In developed countries, I take a few gargantuan sips of tap water on my first day. If I’m still standing on Day Two, I gulp some more. If Day Three greets me quietly with no gastrointestinal emergencies, then tap water it is. I proclaim the water safe for the family, and we stop buying the bottled stuff. I’ve learned how to order tap water in several European languages ("Leitungswasser, bitte," and "L’eau robinet, s’il vous plait..."), which shaves major bucks from restaurant tabs. When I was a literally starving student in Paris and ordered tap water with my cheap croque monsieur cheese sandwiches, the waiters sniffed down their noses at me and made me feel like a social pariah, a bumpkinish misfit. Now that I’m more well-heeled, the waiters’ looks border on admiration that I know what they know – the free tap water is just fine, and the pricey bottled stuff – a fountain of income for the restaurants – is unnecessary.

When we were in France a few weeks ago, we stayed in Thonon-les-Bains, a Lake Geneva spa town with its own signature water, Thonon. The town sits next to Evian-les-Bains, home of world-renowned Evian water, which is actually bottled in an ugly factory not in Evian, but in next door Amphion. We were in the epicenter of chic bottled water and drank nothing but tap water. I figured the stuff flowing from the faucets in these towns is probably superior to bottled stuff elsewhere.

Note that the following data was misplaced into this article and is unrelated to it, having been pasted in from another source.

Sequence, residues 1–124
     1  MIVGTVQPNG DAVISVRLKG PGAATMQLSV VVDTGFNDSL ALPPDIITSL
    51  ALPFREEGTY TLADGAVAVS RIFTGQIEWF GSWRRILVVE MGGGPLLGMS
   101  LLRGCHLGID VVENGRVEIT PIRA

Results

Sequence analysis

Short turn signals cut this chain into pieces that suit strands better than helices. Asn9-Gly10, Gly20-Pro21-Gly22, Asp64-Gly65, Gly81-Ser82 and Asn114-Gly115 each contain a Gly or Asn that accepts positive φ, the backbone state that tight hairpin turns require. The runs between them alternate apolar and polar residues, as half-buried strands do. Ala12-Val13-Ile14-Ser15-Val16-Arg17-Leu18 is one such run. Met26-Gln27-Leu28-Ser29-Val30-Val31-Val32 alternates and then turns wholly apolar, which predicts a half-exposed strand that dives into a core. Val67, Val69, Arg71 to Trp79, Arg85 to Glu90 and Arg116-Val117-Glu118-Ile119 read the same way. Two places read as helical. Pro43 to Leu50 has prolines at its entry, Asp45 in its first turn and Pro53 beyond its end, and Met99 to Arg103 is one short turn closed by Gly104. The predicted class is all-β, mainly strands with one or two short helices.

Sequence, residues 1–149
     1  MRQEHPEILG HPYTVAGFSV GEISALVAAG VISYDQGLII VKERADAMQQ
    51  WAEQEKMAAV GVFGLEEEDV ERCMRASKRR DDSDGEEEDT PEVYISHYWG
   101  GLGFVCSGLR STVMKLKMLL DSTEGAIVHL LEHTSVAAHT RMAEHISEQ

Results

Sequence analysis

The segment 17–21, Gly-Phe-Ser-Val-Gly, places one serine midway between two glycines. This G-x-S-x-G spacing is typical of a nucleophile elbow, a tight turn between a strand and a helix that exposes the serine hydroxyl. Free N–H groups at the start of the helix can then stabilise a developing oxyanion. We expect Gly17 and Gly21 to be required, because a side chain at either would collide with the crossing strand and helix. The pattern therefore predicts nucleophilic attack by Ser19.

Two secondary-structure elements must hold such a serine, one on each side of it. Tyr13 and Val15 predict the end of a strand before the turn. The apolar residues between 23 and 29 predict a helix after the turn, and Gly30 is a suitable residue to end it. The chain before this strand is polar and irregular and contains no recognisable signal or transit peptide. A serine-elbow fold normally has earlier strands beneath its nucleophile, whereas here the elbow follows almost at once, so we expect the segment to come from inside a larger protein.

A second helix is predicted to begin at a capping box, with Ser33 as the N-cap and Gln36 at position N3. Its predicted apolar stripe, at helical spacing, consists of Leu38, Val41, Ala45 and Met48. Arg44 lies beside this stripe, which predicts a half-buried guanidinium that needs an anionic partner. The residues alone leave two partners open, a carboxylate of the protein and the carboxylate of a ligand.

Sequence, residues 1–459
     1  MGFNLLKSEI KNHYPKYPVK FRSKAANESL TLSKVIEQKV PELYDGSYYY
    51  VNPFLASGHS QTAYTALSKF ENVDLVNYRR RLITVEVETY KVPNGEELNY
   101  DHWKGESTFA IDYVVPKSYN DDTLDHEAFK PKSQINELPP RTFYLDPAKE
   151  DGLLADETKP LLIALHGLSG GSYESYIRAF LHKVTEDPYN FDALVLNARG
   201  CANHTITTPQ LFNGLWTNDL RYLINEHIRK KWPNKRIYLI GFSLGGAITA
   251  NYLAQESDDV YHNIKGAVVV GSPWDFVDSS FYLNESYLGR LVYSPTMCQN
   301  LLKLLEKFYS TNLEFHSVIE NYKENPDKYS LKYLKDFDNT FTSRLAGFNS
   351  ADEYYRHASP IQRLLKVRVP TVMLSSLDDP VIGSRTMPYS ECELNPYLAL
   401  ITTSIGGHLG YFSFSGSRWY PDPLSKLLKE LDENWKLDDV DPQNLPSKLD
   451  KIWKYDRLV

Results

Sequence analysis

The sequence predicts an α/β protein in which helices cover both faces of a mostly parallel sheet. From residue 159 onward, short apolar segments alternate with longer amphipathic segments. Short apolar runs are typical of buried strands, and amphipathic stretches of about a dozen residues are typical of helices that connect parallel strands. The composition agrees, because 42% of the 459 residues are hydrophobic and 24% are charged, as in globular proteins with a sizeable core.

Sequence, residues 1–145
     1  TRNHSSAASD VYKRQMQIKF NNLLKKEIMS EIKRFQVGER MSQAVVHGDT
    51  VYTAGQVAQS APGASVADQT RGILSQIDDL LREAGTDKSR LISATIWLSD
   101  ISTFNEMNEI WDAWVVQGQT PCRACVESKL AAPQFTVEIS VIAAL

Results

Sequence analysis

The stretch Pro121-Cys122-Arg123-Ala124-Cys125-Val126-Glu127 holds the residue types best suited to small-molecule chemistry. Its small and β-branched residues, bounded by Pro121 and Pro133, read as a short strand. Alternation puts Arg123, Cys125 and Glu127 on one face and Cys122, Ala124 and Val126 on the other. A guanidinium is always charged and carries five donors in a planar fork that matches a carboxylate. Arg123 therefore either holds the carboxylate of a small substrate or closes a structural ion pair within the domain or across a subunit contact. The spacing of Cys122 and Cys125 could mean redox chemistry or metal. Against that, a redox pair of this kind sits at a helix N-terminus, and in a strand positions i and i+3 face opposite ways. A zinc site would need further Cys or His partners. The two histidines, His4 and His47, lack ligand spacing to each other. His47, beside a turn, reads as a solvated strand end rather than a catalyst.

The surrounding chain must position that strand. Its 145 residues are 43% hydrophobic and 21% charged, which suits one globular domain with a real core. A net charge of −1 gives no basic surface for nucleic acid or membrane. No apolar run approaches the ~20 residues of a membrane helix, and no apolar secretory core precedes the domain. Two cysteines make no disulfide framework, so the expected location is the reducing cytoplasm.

In developing or undeveloped countries, I forego the tap water experiment entirely and stock up on factory-sealed bottled water.

If you’re traveling with kids, you need to make sure they stay hydrated. If you’re in a place with an undeveloped sanitary infrastructure, you train your kids not to drink from the tap as they’re used to doing at home. You lodge a bottle of store-bought water by the bathroom sink and tell them to rinse their toothbrushes and mouths with this, not the water from the faucet. When they get lazy or forget and come moaning to you in the night, you give them Pepto-Bismol or Immodium, pat them on the head, and tell them they’ll feel better in the morning, which they usually do. Every once in a while, you’ll pass a weird, perversely fulfilling night with a feverish kid wrapped around you, a kid who wakes up to the sun cool and healthy and spiritually quieted. If that breakthrough doesn’t come by morning, get thee to a clinic.